FormatEncodingwhat is storedPossible Suffix
PEMDER file (binary content) encoded in Base64. Certificate files typically include clear text statement “BEGIN CERTIFICATE” and “END CERTIFICATE”single certificate, certificate chains or private keys.pem, .crt, .cer, .key
DERBinary format in early days; it’s complex and don’t use unless with a specific purpose.single certificate, certificate chains, or private keys.der, .cer
PKCS#7Base64 encoded ASCII file, typically include clear text statement “BEGIN PKCS7” and “END PKCS7”only certificates or certificate chains; no private keys.p7b .p7s
PKCS#8Similar to PEM as base64 encoded format but for storing private key only, can be password protectedPrivate key.key
PKCS#12a binary format, heavily used by Microsoft productscertificate, certificate chains or private keys; public private key pair.pfx .p12
OpenSSHused by OpenSSH to store public keys (as specified in RFC4253).pub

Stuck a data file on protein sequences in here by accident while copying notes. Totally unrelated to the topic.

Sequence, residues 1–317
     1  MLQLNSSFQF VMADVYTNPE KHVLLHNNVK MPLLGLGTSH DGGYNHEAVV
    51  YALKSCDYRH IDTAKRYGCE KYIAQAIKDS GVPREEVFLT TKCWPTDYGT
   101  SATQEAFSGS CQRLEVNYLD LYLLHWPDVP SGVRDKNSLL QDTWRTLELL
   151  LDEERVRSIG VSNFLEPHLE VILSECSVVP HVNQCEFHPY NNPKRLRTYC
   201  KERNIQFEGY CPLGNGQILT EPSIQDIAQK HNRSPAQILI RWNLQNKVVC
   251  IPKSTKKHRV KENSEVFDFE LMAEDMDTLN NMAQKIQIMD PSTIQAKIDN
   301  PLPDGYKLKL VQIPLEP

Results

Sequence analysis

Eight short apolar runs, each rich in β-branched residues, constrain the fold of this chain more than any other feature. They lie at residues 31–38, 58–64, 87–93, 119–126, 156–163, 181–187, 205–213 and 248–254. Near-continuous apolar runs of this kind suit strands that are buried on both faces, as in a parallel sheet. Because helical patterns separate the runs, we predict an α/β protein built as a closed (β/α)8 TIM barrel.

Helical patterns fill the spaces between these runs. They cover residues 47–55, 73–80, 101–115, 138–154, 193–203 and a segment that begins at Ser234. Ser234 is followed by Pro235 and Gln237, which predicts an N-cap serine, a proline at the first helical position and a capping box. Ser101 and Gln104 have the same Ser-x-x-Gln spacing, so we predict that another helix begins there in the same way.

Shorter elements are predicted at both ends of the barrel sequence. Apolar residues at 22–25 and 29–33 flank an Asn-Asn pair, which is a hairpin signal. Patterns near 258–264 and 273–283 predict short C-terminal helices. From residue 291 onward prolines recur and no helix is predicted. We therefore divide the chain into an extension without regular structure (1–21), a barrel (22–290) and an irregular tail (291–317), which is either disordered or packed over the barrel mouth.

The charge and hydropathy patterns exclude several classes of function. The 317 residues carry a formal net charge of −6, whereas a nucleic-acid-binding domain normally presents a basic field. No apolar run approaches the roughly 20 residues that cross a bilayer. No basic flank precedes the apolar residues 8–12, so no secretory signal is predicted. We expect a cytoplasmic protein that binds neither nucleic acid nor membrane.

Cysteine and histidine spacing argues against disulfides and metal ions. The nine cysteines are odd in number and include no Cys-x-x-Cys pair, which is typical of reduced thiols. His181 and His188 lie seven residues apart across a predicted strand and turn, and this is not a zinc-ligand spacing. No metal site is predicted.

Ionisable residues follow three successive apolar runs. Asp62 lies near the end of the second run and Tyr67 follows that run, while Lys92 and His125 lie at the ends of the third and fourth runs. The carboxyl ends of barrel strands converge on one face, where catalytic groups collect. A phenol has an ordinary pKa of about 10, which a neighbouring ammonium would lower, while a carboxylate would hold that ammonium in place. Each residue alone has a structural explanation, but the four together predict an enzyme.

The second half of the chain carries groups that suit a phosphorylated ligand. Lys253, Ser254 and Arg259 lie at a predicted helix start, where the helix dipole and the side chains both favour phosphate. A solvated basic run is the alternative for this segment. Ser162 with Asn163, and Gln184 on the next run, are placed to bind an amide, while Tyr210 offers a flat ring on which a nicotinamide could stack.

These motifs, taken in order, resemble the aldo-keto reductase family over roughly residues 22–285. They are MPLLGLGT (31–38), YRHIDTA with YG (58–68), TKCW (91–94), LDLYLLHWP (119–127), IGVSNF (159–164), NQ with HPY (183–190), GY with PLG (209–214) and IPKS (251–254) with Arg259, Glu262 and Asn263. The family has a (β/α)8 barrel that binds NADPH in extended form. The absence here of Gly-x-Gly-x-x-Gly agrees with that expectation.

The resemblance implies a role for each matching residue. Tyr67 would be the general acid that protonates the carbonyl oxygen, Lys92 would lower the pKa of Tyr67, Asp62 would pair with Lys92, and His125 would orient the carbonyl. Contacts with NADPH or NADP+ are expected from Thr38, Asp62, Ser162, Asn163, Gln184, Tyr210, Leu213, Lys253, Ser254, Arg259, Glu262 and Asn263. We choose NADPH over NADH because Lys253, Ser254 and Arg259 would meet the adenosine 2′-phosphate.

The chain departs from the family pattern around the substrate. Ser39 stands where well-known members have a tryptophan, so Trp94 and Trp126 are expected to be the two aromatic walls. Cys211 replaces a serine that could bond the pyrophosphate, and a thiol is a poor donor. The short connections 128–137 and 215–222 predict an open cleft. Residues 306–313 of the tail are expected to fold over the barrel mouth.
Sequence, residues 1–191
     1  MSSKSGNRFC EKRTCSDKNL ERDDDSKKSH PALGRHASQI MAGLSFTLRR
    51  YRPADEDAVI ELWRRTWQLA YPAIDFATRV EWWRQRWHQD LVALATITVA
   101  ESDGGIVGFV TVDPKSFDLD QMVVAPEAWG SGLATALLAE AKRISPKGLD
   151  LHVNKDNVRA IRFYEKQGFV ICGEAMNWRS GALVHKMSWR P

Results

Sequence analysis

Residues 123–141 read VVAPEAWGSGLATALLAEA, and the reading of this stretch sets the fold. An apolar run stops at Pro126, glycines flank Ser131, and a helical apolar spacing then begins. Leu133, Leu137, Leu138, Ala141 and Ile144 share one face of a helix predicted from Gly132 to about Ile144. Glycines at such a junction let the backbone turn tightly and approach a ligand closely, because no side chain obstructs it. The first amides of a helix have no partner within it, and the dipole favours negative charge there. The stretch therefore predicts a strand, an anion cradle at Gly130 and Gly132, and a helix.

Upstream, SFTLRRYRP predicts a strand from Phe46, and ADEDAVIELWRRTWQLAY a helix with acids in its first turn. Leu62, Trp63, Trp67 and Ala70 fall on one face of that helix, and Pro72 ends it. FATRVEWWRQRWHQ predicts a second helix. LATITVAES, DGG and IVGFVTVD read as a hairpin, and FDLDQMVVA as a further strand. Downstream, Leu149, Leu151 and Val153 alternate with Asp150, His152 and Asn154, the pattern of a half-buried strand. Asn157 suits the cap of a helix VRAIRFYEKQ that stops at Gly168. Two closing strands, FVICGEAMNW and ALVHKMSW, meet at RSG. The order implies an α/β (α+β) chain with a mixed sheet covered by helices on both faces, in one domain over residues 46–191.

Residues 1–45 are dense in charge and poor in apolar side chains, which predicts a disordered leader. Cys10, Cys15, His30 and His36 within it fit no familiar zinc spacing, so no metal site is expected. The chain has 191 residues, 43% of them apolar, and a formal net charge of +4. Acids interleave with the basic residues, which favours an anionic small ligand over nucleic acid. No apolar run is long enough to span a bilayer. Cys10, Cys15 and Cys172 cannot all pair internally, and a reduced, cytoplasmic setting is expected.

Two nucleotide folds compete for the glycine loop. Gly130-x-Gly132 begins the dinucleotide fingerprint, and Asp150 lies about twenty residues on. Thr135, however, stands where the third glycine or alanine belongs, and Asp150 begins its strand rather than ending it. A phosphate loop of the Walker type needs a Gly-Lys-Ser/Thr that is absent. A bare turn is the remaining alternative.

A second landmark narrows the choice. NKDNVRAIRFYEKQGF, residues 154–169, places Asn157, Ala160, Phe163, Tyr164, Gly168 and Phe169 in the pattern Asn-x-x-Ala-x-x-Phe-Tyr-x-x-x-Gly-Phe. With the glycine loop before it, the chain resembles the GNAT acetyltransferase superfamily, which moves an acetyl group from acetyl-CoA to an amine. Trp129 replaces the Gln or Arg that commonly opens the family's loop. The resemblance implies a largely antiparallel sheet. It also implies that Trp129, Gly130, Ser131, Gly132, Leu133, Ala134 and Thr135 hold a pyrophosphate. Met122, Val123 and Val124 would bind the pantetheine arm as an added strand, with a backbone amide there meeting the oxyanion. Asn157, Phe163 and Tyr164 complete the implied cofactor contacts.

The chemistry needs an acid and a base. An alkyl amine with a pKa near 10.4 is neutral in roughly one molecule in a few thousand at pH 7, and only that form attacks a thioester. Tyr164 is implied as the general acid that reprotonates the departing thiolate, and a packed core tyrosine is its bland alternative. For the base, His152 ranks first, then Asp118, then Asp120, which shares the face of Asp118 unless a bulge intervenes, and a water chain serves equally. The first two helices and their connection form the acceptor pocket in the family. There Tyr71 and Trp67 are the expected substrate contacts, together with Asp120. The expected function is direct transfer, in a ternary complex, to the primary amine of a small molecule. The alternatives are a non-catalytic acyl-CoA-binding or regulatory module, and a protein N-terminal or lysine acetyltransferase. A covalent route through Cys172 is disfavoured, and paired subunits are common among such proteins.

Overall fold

Note: above are just encoding formats. Just by file extension you cannot tell whether the file is a key or a X.509 certificate. When you are configuring certificates, you may come across the following file extensions as well:

.key this extension can indicate any kind of key, but usually it is a private key (used along with .crt file)

.csr certificate signing request, including a public key and an identity required by CA. CA needs this file to issue a certificate. CSR could be encoded in Base-64 or DER

.cer or .crt a certificate, usually in X.509 v3 (public key + identity + signature), the encoding could be PEM or DER.

.jks -> java key store file type. It can be either a key store (private key along with certificate) or trust store (certificate) for Java application. Refer to the section for Java applications.

In the next article, we will examine some use case involving the concepts introduced in this post.